In 1880, Thomas Edison patented a lightbulb made from a glass tube and cotton thread filament. It was crude in its design, but it worked, and within a few years the Edison Lamp was a fixture of sitting rooms across America.
In 2002, Brazilian mechanic Alfred Moser had his own eureka moment involving an old Coke bottle and a spoonful of bleach. His makeshift lightbulb is now illuminating homes across the developing world.
You can make one yourself at home. Just fill a translucent bottle with water. Add a splash of bleach to prevent algae from growing in the bottle. Cut a hole in your roof and slip the bottle through the opening. Make sure you seal up any cracks to prevent the roof from leaking, and let the light shine in.
The water in the bottle refracts sunshine, allowing the homespun skylight to glow as brightly as a typical incandescent bulb — but at a fraction of the cost and without using electricity. In many parts of the world, families live in densely-packed, windowless homes with corrugated iron roofs and no access to power. Moser’s invention can light up these homes during the day, allowing men and women to work, cook and even grow food indoors.
Filipino entrepreneur Illac Diaz has taken this idea and run with it. He operates a project called Liter of Light that teaches volunteers to make solar lights. So far, the the organization has installed around a half a million lights in more than a dozen countries, with the support of the U.S. State Department and PepsiCo.
Diaz comes from a family of celebrities — his aunt, Gloria Diaz, was the first Miss Universe to come from the Philippines. Illac Diaz spent a few years in the family business, working as a model and actor, before enrolling in grad school at MIT and Harvard to study urban planning and public policy. Shortly thereafter, he started Liter of Light.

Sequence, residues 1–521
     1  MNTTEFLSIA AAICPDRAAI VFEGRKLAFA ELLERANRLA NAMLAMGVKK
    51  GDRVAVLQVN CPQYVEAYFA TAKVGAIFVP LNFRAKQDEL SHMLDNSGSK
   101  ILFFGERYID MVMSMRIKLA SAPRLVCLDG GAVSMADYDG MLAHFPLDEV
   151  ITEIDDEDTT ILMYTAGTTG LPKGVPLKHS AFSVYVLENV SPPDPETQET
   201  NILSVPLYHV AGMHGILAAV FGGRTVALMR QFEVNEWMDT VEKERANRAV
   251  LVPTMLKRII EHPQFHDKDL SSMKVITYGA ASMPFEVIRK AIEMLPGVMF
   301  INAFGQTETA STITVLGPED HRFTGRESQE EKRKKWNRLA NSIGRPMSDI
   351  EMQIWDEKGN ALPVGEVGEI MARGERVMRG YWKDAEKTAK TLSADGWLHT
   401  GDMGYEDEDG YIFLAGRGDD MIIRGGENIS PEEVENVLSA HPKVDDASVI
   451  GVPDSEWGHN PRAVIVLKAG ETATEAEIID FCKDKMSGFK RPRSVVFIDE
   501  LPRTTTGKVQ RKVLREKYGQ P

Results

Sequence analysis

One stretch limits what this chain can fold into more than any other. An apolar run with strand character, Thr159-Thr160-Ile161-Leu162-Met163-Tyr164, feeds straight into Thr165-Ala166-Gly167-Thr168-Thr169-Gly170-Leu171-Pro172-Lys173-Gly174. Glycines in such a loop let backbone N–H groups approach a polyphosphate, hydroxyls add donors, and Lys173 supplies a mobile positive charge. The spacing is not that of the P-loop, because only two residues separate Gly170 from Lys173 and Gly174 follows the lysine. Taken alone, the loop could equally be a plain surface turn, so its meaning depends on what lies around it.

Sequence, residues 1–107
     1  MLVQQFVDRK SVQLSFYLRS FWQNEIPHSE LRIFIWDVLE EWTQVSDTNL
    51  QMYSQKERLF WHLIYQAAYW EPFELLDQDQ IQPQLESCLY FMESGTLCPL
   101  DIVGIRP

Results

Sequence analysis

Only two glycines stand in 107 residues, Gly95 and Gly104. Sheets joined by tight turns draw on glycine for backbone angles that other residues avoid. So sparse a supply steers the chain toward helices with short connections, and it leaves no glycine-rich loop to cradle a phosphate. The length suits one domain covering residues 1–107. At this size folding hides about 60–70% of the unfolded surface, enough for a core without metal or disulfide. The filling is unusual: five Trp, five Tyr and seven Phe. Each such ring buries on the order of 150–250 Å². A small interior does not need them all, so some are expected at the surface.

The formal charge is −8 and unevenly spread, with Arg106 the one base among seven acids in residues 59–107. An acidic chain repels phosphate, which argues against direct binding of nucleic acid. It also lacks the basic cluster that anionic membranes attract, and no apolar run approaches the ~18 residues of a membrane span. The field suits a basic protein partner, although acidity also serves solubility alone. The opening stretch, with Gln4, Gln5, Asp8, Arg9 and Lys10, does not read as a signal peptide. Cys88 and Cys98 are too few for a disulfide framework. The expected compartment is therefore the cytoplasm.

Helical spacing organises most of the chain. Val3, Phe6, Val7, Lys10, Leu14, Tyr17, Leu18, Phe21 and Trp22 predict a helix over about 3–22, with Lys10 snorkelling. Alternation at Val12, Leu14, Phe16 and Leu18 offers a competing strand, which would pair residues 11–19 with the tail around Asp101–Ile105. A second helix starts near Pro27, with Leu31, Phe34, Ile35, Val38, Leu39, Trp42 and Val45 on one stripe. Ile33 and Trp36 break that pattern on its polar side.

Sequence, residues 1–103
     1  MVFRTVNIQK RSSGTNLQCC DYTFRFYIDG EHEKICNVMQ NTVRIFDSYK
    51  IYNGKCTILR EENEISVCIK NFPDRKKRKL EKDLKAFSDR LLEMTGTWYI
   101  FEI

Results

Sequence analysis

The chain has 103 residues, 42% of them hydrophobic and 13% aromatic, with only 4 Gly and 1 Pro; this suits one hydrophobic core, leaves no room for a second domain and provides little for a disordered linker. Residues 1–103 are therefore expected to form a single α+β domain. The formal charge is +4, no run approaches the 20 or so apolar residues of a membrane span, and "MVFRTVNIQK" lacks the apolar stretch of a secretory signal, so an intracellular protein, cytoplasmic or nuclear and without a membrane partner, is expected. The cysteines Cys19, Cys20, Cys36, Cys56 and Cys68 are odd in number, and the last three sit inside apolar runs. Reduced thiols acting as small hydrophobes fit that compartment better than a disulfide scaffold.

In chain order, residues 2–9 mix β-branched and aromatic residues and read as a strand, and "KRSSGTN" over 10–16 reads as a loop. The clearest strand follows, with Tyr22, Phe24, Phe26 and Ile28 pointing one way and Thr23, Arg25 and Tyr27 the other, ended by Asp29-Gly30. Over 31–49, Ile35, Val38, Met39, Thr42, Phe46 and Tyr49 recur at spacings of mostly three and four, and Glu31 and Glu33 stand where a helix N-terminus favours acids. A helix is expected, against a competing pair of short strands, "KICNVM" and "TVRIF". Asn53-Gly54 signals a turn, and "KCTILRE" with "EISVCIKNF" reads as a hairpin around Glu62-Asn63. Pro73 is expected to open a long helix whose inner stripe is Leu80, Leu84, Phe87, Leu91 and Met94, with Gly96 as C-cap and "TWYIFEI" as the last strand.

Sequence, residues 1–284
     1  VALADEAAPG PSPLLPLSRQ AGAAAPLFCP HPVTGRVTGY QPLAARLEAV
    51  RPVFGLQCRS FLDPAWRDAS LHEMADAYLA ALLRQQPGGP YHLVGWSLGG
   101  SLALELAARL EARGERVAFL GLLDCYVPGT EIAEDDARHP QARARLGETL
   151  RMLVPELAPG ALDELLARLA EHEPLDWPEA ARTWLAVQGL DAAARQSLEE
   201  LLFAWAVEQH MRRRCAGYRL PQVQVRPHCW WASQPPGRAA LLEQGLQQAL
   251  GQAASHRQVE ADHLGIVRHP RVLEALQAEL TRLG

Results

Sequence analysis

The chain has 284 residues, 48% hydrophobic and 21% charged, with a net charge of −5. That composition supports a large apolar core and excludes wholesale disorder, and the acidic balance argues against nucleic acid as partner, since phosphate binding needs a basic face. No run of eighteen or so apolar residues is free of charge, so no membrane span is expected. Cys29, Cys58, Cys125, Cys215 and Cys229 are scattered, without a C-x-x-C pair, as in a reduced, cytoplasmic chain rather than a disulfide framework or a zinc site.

The first test for the organization came after Typhoon Haiyan. Diaz installed solar lights in communities devastated by the storm, training volunteers to assemble the lights themselves. He sees self-sufficiency as the key to resilience.
“What if I am able to train an army of solar makers, solar engineers?” Diaz asked in a TEDx Talk. When disaster strikes, he explained, communities can fashion solar lights from donated parts or materials that are available locally. The plastic-bottle bulbs are safer than candles and cheaper than incandescent bulbs which, of course, require electricity.
Liter of Light also trains communities to make battery-powered lights that continue operating after dark. Assembly is a cinch. Connect a small solar panel to an old battery. Use that battery to power a high-efficiency LED light. Put that LED in a plastic bottle, and voilà! You have a street lamp. Diaz reported a drop-off in crime wherever lamps had been installed.
Rising temperatures will deliver more storms like Typhoon Haiyan. Humans will need to be more resilient in the face of natural disasters. They will need to do more with less — produce more tools with fewer resources, and generate more light with less energy.
“The future of solar is… putting it in the hands of everyone, putting it in the hands of people who can solve their own problems,” said Diaz in his TEDx Talk. “The small things, multiplied by the millions, will be the greatest solar revolution of them all.”